In the Quock Walker case of 1783, the Supreme Judicial Court announced that slavery was inconsistent with the Massachusetts Constitution.
The Quock Walker case refers to three civil and criminal actions involving a slave named Quock Walker and his purported master, Nathanial Jennison. In 1781, Walker ran away from Jennison. Walker claimed he was free, as his former master (James Caldwell) had promised him freedom at age 25. Walker contended that Caldwell 's promise bound Jennison, who was married to Caldwell's widow. Jennison caught and beat Walker.
With the help of Caldwell's brothers, Walker sued for his freedom. Prominent Worcester attorney Levi Lincoln, Sr. represented Walker. Lincoln did not rely on Caldwell's alleged promise to free Walker, but on a "law of nature that all men are equal and free."
The final Quock Walker case was tried before the Supreme Judicial Court in 1783.* Supreme Judicial Court Chief Justice William Cushing announced that the Massachusetts Constitution prohibited slavery. He instructed the jury that:
Our Constitution of Government . . . sets out with declaring that all men are born free and equal - and that every subject is entitled to liberty, and to have it safeguarded by the laws, as well as life and property, and in short is totally repugnant to the idea of being born slaves. This being the case, I think the idea of slavery is inconsistent with our conduct and Constitution.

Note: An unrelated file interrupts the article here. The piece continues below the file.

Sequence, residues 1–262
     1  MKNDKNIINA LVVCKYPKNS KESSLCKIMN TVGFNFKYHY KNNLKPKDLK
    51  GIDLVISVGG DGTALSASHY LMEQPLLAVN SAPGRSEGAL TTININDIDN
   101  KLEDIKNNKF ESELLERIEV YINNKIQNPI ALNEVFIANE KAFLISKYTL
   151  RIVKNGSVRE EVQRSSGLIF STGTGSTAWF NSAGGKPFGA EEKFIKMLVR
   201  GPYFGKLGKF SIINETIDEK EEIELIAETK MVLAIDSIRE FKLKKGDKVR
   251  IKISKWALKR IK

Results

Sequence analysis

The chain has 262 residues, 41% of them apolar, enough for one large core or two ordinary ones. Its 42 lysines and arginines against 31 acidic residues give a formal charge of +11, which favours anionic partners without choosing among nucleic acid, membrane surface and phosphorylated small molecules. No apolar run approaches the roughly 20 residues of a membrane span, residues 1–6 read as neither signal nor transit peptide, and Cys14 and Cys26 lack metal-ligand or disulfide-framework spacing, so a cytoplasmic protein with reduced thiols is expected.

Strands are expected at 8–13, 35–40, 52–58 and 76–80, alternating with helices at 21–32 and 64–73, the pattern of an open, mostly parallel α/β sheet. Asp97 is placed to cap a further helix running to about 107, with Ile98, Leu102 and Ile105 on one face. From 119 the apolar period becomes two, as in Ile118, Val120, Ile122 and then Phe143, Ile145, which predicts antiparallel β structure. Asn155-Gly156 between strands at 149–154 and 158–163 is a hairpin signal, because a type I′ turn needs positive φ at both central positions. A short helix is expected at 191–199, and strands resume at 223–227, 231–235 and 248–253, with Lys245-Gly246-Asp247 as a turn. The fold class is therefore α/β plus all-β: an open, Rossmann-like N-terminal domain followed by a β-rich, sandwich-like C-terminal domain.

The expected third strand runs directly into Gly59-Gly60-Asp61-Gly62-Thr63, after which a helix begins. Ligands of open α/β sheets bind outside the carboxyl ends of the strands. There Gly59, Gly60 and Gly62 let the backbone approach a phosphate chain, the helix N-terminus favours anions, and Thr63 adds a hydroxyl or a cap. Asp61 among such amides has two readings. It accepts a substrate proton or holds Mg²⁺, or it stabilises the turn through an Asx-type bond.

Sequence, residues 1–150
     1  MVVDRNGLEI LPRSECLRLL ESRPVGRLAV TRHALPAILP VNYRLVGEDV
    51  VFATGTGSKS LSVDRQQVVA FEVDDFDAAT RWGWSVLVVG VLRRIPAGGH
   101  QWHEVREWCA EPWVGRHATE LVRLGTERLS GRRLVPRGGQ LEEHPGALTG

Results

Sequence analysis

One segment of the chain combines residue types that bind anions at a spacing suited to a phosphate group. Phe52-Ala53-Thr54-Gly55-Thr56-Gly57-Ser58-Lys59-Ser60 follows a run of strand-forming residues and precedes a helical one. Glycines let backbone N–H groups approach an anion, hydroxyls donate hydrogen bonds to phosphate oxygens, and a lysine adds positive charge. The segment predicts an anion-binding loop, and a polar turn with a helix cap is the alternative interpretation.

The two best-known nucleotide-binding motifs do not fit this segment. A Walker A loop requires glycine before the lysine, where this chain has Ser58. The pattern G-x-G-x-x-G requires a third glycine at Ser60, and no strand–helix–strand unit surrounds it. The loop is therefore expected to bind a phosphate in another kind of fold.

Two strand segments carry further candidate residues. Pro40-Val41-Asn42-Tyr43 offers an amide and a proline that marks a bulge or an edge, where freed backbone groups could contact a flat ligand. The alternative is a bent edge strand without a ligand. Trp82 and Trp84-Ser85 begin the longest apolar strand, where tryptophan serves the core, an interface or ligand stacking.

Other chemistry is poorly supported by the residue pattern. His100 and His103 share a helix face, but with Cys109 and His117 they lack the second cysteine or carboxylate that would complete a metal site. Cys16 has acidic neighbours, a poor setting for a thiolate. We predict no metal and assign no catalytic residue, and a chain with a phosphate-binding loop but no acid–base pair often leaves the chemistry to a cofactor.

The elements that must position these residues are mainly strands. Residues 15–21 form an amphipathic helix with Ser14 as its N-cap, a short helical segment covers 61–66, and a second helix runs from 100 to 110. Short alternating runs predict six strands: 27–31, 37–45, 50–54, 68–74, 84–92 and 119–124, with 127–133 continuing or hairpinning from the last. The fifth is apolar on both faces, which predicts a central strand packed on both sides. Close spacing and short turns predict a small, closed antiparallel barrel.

The jury agreed and found Jennison guilty of assault and battery upon Quock Walker.
According to the Massachusetts census of 1790, no slaves resided in Massachusetts. Historians generally credit several factors: changing public opinion, African-American activism, and public awareness that slaveowners would lose any "freedom suit" tried in Massachusetts state courts.
Nothing is known of Quock Walker's life after he obtained freedom. President George Washington appointed William Cushing as a Justice of the United States Supreme Court where he served from 1789 - 1810. Attorney Levi Lincoln served as United States Attorney General under President Thomas Jefferson from 1801 - 1804.
The Quock Walker case made clear to the people of Massachusetts that the rights set forth in the Massachusetts Constitution were not empty promises. These rights would be enforced, fairly and equally, for all.
*In its early years, the Supreme Judicial Court functioned as both a trial and an appellate court.